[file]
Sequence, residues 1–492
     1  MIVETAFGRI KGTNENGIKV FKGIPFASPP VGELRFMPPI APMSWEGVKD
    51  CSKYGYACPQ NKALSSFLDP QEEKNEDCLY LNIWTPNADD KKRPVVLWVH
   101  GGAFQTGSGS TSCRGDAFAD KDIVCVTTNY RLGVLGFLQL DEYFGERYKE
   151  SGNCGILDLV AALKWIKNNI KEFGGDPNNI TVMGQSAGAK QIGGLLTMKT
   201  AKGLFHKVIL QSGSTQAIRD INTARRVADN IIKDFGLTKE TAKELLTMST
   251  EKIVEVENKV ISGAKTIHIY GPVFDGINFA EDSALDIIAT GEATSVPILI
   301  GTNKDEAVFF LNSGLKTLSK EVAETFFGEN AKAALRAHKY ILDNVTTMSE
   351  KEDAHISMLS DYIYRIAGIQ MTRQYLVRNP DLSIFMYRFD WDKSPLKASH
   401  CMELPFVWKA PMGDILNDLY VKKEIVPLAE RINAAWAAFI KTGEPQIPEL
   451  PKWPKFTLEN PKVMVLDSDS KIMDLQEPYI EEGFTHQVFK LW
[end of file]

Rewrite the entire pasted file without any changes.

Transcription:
Sequence, residues 1–492
     1  MIVETAFGRI KGTNENGIKV FKGIPFASPP VGELRFMPPI APMSWEGVKD
    51  CSKYGYACPQ NKALSSFLDP QEEKNEDCLY LNIWTPNADD KKRPVVLWVH
   101  GGAFQTGSGS TSCRGDAFAD KDIVCVTTNY RLGVLGFLQL DEYFGERYKE
   151  SGNCGILDLV AALKWIKNNI KEFGGDPNNI TVMGQSAGAK QIGGLLTMKT
   201  AKGLFHKVIL QSGSTQAIRD INTARRVADN IIKDFGLTKE TAKELLTMST
   251  EKIVEVENKV ISGAKTIHIY GPVFDGINFA EDSALDIIAT GEATSVPILI
   301  GTNKDEAVFF LNSGLKTLSK EVAETFFGEN AKAALRAHKY ILDNVTTMSE
   351  KEDAHISMLS DYIYRIAGIQ MTRQYLVRNP DLSIFMYRFD WDKSPLKASH
   401  CMELPFVWKA PMGDILNDLY VKKEIVPLAE RINAAWAAFI KTGEPQIPEL
   451  PKWPKFTLEN PKVMVLDSDS KIMDLQEPYI EEGFTHQVFK LW